RFC: "even simpler" C++ XML parser for object hierarchies

Paul Miller stele at fxtech.com
Wed Dec 8 00:37:46 GMT 1999

Thanks for all who have given feedback on my desires for a relatively
atypical parsing idiom for XML. Some of my interest is based on a
proprietary parser I wrote a few years ago, that I've used for
everything since. It's tag-based and object-oriented, and each block of
a document can be parsed as a complete unit. When used to parse
object-oriented data, it lets each object easily handle its own parsing.

Now I'd like to apply the same concepts to an XML parser, used primarily
when object-oriented program data is stored as XML syntax.

I believe the best way to describe what I want to do (and why) is to
show a concrete example. Suppose I have a program that generates images
composed of layers with multiple objects in each layer. Each layer has a
size associated with it as well.

The classes I have are:
	Document (contains one or more layers)
	Layer (contains one or more objects and a Size)
	Object (some type of object)
	Size (an object which represents a width and height)
	Point (x,y value)
	Rect (x1,y1 to x2,y2)
	Circle (type/subclass of Object)
	Square (type/subclass of Object)

Ideally, each object would be able to write out its data in XML form,
and parse its own data (along with a list of attributes if it uses

Here is an example xml file:

<Document name="mydocument">
	<Layer name="background">
		<Object type="circle">
		<Object type="square">

If you think about the object hierarchy associated with this document,
you have something like this:

	contains Layer ("background")
		contains Size (640x480)
		contains Circle (Object)
			Contains Point (320,240)
			Contains float (25)
		contains Square (Object)
			Contains Rect (10,10 - 40,40)

I tend to design APIs from the point of view of the programmer. Since as
the number of classes in my application grows, I want to minimize the
amount of extra code I have to write. So I'd like to simplify the
parsing down to the minimum amount of necessary boilerplate code. So
let's assume that each object has its own Parse() method. This method
gets called with an XML::Element object which has the name and
attributes for that object. Parsing of the entire object should be an
atomic operation.

I use static function pointers as callbacks to avoid having to subclass
from any XML-specific classes. User-data is passed along in the parsing
so we can cast it back to the necessary type in one of the element
handlers. The code is presented in C++ but the parsing operations can
easily have a "C" interface. Exceptions are thrown if anything goes
wrong, so there are no error codes.

Here is the code needed to open the XML file and find the top-level XML

Document *App::LoadDocument(const char *path)
	// specify a handler to look for "Document" elements
	XML::ElementHandler handlers[] = {
		XML::ElementHandler("Document", sParseDocument)
	XML::Input file(path);
	file.Parse(handlers, this);

>From here on out each object is responsible for parsing itself, based on
an XML::Element object that is passed to it. Please examine the code
closely to see the indended design and flow.

// when a Document element is found, it is passed to the sParseDocument
void App::sParseDocument(const XML::Element &elem, void *userData)
	// userData is the App * from the file.Parse() call above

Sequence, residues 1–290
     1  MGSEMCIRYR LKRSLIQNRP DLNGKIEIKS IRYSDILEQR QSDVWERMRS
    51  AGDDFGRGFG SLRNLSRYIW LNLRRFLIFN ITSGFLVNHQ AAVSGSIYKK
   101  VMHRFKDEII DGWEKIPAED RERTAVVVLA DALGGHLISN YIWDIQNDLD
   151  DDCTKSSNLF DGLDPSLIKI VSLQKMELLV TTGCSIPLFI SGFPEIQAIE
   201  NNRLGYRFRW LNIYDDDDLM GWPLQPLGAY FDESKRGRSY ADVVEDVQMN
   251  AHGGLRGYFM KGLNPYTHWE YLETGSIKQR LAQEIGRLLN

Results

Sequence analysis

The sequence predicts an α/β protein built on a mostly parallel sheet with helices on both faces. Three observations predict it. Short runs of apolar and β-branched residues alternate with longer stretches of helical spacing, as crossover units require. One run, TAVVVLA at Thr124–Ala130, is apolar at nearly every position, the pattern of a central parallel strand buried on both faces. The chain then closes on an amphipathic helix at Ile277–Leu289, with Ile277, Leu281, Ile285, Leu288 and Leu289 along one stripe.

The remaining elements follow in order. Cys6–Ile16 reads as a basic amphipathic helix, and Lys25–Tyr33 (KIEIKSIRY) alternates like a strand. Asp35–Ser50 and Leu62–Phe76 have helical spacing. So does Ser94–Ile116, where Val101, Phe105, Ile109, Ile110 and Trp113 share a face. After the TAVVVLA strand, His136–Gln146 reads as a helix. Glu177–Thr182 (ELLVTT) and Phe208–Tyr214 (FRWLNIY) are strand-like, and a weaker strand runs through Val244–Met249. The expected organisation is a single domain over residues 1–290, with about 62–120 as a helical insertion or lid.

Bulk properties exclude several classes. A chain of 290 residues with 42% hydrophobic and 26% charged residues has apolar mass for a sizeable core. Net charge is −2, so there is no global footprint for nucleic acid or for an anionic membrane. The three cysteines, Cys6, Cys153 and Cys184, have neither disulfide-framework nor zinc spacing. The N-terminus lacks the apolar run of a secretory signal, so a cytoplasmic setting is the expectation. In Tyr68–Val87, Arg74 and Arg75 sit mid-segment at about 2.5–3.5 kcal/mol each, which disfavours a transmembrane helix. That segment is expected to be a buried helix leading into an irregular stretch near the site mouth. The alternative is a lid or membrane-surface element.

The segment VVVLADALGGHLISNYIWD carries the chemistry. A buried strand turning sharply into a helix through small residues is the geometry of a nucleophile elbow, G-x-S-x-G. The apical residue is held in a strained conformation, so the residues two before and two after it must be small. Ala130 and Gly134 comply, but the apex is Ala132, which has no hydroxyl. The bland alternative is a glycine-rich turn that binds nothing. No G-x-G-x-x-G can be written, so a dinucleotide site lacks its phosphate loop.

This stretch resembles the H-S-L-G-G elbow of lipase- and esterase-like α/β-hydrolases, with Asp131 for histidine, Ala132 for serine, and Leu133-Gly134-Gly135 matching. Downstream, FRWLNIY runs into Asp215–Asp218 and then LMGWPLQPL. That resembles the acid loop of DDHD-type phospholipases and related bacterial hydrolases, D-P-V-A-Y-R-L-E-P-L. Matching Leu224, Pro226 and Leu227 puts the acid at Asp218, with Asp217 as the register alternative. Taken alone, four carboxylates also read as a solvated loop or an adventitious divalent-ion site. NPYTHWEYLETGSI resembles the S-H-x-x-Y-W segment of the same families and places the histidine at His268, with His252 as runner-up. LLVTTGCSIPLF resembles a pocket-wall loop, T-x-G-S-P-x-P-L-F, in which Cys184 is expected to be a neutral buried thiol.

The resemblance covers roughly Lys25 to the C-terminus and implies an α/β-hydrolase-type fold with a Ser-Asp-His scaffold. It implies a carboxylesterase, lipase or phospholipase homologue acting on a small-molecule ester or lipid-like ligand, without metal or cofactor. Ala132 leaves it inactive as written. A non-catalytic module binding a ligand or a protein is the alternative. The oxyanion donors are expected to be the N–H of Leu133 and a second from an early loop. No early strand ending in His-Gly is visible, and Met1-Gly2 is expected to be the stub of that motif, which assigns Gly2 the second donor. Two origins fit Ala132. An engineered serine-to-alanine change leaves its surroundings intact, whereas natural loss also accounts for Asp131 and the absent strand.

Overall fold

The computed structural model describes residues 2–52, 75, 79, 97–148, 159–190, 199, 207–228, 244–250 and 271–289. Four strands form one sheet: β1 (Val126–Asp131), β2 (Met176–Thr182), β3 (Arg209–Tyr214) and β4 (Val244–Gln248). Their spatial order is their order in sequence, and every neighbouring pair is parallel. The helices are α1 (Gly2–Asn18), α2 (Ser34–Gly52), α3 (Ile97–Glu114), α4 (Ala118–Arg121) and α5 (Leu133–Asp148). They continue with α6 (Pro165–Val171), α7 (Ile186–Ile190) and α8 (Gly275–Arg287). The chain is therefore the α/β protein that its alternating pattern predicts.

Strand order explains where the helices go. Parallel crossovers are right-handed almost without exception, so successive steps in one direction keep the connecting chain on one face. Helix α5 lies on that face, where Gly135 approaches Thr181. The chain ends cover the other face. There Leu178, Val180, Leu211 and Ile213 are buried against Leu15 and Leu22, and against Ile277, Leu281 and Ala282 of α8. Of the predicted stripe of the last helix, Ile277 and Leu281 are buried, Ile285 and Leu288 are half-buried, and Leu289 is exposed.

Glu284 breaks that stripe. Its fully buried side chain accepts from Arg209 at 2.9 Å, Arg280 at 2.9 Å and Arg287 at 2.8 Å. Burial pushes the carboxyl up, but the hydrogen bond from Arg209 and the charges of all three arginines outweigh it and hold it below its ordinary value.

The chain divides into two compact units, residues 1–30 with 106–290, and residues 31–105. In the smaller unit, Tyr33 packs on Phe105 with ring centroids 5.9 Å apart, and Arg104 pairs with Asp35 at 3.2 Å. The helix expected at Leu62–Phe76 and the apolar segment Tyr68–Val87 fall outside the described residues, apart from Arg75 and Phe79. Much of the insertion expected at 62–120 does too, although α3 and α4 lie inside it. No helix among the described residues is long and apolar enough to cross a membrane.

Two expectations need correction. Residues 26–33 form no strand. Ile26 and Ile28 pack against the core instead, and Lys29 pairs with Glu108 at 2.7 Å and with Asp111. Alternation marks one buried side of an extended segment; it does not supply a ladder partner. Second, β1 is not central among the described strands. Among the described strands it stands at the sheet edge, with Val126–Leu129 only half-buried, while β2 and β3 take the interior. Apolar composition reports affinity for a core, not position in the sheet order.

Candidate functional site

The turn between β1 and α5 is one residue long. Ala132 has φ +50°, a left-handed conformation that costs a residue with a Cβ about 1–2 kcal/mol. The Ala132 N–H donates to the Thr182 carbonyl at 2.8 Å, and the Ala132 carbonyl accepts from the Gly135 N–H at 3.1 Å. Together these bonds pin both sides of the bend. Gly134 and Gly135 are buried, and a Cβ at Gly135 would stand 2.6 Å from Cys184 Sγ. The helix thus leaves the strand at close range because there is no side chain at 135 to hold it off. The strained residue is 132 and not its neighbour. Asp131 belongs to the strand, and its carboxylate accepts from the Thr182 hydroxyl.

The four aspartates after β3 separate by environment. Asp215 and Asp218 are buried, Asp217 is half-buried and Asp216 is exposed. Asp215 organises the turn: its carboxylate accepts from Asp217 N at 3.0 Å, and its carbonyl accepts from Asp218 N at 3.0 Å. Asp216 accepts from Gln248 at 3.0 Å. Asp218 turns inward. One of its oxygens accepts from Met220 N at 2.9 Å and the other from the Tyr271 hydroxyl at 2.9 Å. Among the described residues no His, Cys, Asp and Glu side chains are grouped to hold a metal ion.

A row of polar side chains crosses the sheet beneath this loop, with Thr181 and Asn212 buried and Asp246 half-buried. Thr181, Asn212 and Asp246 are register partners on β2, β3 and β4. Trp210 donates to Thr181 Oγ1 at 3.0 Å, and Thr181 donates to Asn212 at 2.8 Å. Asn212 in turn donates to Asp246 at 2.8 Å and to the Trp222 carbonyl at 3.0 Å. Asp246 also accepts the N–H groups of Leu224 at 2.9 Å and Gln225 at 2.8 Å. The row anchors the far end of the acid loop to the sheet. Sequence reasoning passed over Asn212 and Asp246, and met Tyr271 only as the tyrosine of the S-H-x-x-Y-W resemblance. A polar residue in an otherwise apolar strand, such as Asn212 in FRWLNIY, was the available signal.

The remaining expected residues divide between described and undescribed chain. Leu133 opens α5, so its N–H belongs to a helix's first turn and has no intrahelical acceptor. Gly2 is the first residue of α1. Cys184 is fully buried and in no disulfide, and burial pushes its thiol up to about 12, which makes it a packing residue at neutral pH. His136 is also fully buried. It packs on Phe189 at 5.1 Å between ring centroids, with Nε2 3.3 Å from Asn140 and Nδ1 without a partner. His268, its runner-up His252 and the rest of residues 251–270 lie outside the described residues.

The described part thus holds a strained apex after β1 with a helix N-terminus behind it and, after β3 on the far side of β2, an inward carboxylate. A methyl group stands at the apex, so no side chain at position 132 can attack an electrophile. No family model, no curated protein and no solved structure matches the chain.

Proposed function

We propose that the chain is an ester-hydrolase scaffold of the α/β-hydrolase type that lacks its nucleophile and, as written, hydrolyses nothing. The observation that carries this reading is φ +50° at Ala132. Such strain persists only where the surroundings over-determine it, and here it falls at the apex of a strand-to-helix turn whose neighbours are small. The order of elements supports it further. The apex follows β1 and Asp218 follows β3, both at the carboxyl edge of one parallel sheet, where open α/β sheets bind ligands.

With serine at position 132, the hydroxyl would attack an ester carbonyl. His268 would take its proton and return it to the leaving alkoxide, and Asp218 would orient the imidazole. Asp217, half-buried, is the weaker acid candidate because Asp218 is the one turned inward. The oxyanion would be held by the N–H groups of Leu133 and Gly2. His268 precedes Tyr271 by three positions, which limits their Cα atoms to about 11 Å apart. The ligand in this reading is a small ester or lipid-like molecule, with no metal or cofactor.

App *app = (App *)userData;
	// we found a document element, so make one using the attributes
	Document *doc = new Document(elem.GetAttribute("name"));
	// now parse the document
	// if we get here without a thrown exception, the Document parsed
	// okay and we can add it

void Document::Parse(const XML::Element &elem)
	// specify handlers to look for "Layer" elements
	XML::ElementHandler handlers[] = {
		XML::ElementHandler("Layer", sParseLayer)
	elem.Parse(handlers, this);
	// if we needed to do something special, like validating the
	// document, we could do it right here

void Document::sParseLayer(const XML::Element &elem, void *userData)
	// again, userData is the Document * passed in elem.Parse() above
	Document *doc = (Document *)userData;
	// make a new layer
	Layer *layer = new Layer(elem.GetAttribute("name"));
	// parse the layer

void Layer::Parse(const XML::Element &elem)
	// specify handlers to look for "Size" and "Object" elements
	// note that for the Size element we call the Size object's static
	// parse function directly, and we're passing the address of our
	// contained Size member as its user-data, so we do not need to
	// provide an additional static Size handler to forward to the Size
	// object's member Parse() method
	XML::ElementHandler handlers[] = {
		XML::ElementHandler("Size", Size::sParse, &mSize)
		XML::ElementHandler("Object", sParseObject)
	elem.Parse(handlers, this);

void Size::sParse(const XML::Element &elem, void *userData)
	Size *size = (Size *)userData;
	// size has no attributes, just data, so read it directly
	// note that elem.ReadData() reads character data up to the
	// ending element tag and returns the size found
	char tmp[40];
	size_t len = elem.ReadData(tmp, sizeof(tmp));
	tmp[len] = '\0';
	sscanf(tmp, "%dx%d", &size->width, &size->height);

void Layer::sParseObject(const XML::Element &elem, void *userData)
	// again, userData is the Layer * passed in elem.Parse() above
	Layer *layer = (Layer *)userData;
	// make a new object from the object type
	std::string type = elem.GetAttribute("type");
	// I would normally use a factory here but this illustrates the 
	// point better
	Object *obj = NULL;
	if (type == "circle")
		obj = new Circle();
	else if (type == "square")
		obj = new Square();

	// now let the object (whatever type it is) parse itself

So I hope this gets the idea across. I'd be interested in feedback.

Paul Miller - stele at fxtech.com

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